Nature: A Wonderful Mystery

Nature has written a wonderful mystery. The plot continually changes and the most important clues come from seemingly unrelated investigations. These sudden and drastic changes of scientific scene appear to be Nature's way of revealing the unity of all fundamental science.

The mystery begins in the middle of the nineteenth century with the puzzle: How does the sun shine? Almost immediately, the plot switches to questions about how fast natural selection occurs and at what rate geological formations are created. The best theoretical physics of the nineteenth century gave the wrong answer to all these questions. The first hint of the correct answer came, at the very end of the nineteenth century, from the discovery of radioactivity with accidentally darkened photographic plates.

The right direction in which to search for the detailed solution was revealed by the 1905 discovery of the special theory of relativity, by the 1920 measurement of the nuclear masses of hydrogen and helium, and by the 1928 quantum mechanical explanation of how charged particles get close to each other. These crucial investigations were not directly related to the study of stars.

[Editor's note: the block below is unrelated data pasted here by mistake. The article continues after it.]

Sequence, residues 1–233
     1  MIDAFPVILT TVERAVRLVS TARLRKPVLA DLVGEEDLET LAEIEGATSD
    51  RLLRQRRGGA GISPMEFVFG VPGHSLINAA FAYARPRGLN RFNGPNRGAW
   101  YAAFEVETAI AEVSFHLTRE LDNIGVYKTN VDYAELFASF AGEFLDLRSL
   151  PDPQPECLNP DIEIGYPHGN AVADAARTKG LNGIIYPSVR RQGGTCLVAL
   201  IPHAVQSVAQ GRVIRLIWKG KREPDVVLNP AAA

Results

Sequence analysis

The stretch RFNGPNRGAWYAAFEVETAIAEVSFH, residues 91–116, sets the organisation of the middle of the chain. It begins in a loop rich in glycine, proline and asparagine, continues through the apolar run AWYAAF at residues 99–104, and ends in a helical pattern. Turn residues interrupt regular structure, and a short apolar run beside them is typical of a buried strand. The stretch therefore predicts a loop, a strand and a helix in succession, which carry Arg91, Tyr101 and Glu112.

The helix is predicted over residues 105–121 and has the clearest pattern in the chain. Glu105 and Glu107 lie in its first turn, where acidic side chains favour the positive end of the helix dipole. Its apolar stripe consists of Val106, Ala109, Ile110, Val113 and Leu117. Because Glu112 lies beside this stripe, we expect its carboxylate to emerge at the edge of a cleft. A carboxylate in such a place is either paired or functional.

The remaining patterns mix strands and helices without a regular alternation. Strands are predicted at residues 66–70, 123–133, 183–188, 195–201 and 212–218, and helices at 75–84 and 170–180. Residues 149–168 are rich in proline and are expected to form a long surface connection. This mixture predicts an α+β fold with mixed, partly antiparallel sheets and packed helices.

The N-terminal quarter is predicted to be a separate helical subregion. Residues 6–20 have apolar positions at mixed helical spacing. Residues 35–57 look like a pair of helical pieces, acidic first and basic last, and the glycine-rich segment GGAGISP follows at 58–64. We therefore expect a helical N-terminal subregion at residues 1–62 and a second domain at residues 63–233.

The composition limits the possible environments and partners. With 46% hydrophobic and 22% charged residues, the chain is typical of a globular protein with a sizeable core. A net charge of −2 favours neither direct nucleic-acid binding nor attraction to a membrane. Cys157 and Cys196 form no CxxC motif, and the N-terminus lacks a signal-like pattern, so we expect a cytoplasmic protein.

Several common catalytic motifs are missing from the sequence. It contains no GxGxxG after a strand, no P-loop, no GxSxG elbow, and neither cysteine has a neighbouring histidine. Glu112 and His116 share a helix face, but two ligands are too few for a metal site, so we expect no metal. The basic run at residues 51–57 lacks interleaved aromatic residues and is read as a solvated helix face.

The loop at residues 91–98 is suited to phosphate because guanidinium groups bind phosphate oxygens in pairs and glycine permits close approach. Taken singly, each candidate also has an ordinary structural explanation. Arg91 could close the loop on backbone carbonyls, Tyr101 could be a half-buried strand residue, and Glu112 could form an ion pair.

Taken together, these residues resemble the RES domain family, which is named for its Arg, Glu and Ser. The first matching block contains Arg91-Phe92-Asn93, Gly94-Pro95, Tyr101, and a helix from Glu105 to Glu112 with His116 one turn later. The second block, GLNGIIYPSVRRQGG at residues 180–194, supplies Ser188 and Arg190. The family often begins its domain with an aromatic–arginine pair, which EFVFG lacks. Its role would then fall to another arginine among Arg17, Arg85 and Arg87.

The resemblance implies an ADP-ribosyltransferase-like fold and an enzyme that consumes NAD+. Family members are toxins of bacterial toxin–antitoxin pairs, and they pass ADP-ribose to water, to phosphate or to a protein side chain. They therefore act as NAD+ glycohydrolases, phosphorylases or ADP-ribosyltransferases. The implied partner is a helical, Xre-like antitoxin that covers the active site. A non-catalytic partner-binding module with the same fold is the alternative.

By the middle of the twentieth century, nuclear physicists and astrophysicists could calculate theoretically the rate of nuclear burning in the interiors of stars like the sun. But, just when we thought we had Nature figured out, experiments showed that fewer solar neutrinos were observed at earth than were predicted by the standard theory of how stars shine and how sub-atomic particles behave.

At the beginning of the twenty-first century, we have learned that solar neutrinos tell us not only about the interior of the sun, but also something about the nature of neutrinos. No one knows what surprises will be revealed by the new solar neutrino experiments that are currently underway or are planned. The richness and the humor with which Nature has written her mystery, in an international language that can be read by curious people of all nations, is beautiful, awesome, and humbling.



Bibliography
The p-p Chain Reaction »

The CNO Cycle »

Nobel Prizes